We have done raw homemade dog and cat food for years, and there are recipes you can follow which will provide complete nutrition for dogs or cats. Whether it’s cheaper or more expensive is something of a debate. Yes you can feed costco kibble (or the like) very economically, and that’s probably the single cheapest option unless you raise your own meat and veggies and feed your dogs/cats out of your own garden. But many folks claim that you eventually “pay the price” for cheap kibble, via higher vet bills. We saw our vet bills drop dramatically after switching over to homemade raw foods but it’s not something which I can measure and quantify. In essence, you get what you pay for. Garbage in, garbage out.
I would suggest there are a variety of books and websites that you can read, to learn what’s safe and what’s not, and what is ok when fed in small amounts, and which recipes will give your critters complete nutrition. There are also Yahoo groups which are for folks feeding raw and/or homemade diets, either in full or as a supplement to purchased pet food, to help answer more involved questions along these lines.
we became debt free on September 28, 2015 after being in debt since the mid 2000s. Four months have pass since the chains dropped and we’ve been able to begin building our FFEF. The money has been building up in our checking account. Our FFEE is up to around $8,000 and the bank recently rewarded us with $0.08 interest for the month of January.
We’re looking for recommendations for a Dave Ramsey bank to send our FFEF money. I recall there being one or two banks that offered 2% return, but that was when we were on BS2, so things may have changed.
We’re open to suggestions on where to put our FFEF money. Also, it would be nice to receive a run down on what we need to be doing on BS3. We’ve mostly been laying low healing from our year and a half BS2 process and, now that we have some FFEF money, I probably need to get us going on the BS3 steps.
We’re definitely in snowball stage, and this past weekend we actually had one of our first heated arguments since being on DR, because of disagreements and misunderstandings about where the money goes. Yes, we’re still struggling with that, here at 1 year down the road from taking the DR class. I’m going to forward this note to my DH as a beacon of hope. We, too, will find our way, and someday be able to send out a note like this. Thanks for the great news!
I set my kids up at a Credit union years ago…$5 vs $250 to open an account at BOA. Since my DH traveled with his job, a nationally recognized bank was easier to deal with if he needed to use his debit card, why we had BOA for so many years. I’d get rid of the account, but we started a business and don’t want to add that stress to the mix and we still have the mortgage with them…I deal with BOA and the credit union and my DH deals with the business at the credit union. I think the business loan he needs is also going to be done through a CU.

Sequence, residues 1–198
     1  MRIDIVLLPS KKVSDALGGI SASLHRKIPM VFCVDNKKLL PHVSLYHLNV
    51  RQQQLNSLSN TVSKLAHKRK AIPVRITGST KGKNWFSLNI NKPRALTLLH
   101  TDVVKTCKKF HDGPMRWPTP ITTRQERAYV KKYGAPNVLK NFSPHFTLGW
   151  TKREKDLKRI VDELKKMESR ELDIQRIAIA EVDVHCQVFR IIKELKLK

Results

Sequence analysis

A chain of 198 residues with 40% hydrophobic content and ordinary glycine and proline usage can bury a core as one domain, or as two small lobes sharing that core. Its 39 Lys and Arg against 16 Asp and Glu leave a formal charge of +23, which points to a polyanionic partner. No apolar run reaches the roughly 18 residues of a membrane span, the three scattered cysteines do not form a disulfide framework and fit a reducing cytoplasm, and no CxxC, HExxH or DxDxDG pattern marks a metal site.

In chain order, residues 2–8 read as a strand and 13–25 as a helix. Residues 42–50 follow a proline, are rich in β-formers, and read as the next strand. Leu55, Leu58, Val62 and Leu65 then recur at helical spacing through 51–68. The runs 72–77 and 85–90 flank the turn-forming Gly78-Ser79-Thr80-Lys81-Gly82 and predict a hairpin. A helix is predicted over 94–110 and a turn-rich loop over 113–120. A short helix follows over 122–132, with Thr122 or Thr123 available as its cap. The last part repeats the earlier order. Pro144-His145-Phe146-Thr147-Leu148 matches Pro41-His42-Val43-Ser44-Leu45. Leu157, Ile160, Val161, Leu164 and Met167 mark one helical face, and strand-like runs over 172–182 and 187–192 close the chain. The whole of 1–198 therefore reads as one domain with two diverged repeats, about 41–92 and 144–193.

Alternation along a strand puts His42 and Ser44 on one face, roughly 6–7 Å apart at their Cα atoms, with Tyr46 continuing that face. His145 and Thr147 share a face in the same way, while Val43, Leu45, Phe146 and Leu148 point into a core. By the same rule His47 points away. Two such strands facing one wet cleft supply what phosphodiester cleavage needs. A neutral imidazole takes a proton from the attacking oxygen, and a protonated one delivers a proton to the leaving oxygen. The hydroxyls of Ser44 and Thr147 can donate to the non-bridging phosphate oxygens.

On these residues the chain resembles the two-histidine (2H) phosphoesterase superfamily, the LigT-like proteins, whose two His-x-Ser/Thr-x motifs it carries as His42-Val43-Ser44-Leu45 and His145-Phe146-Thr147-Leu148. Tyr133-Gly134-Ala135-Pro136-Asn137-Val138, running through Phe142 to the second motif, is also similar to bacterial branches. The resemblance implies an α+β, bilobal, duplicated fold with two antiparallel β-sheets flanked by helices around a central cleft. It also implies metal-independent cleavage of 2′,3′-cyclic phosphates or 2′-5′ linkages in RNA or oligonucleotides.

As of September 28, 2016, we became debt free and are now BS3ers!
We’ve had student loan debt since 1993 and threw in significant credit card debt in the early 2000s, probably all together amounting to well over $180,000 (i.e. Payday Loans in Florida). We ramped up on Dave Ramsey beginning in March 2015 and dedicated everything we had to first and foremost getting out of debt. This year, we paid $52,800 towards our debt, largely due to spending below what the government identifies as the poverty line by a family of four.
I won’t receive my next paycheck until Friday Oct 12, so we haven’t yet tasted that sweet, sweet snowball going into our pocket instead of our servitude creditors.
Through the BS2 process, we learn about ourselves and how to improve our life together as a family. A best part about the BS2 process is what we learned about family finances and budgeting and how to use that to maximize the snowball as a way towards financial freedom. We will be using that budgeting system the rest of our lives and we are teaching it to our kids.
If you are reading this and are struggling on BS2, hang in there and keep pushing forward. If you work hard at getting out of debt, it can be done!
My daughter had a savings account since birth. When she was very little, I would make it my business to take her to the bank with me to make a deposit into her passbook savings account on a regular basis. She went to a private school for elementary and every year the school and the bank where she already had an account would give the children a savings account and sponsor a field trip to the bank to see the vault, to see how banking worked etc.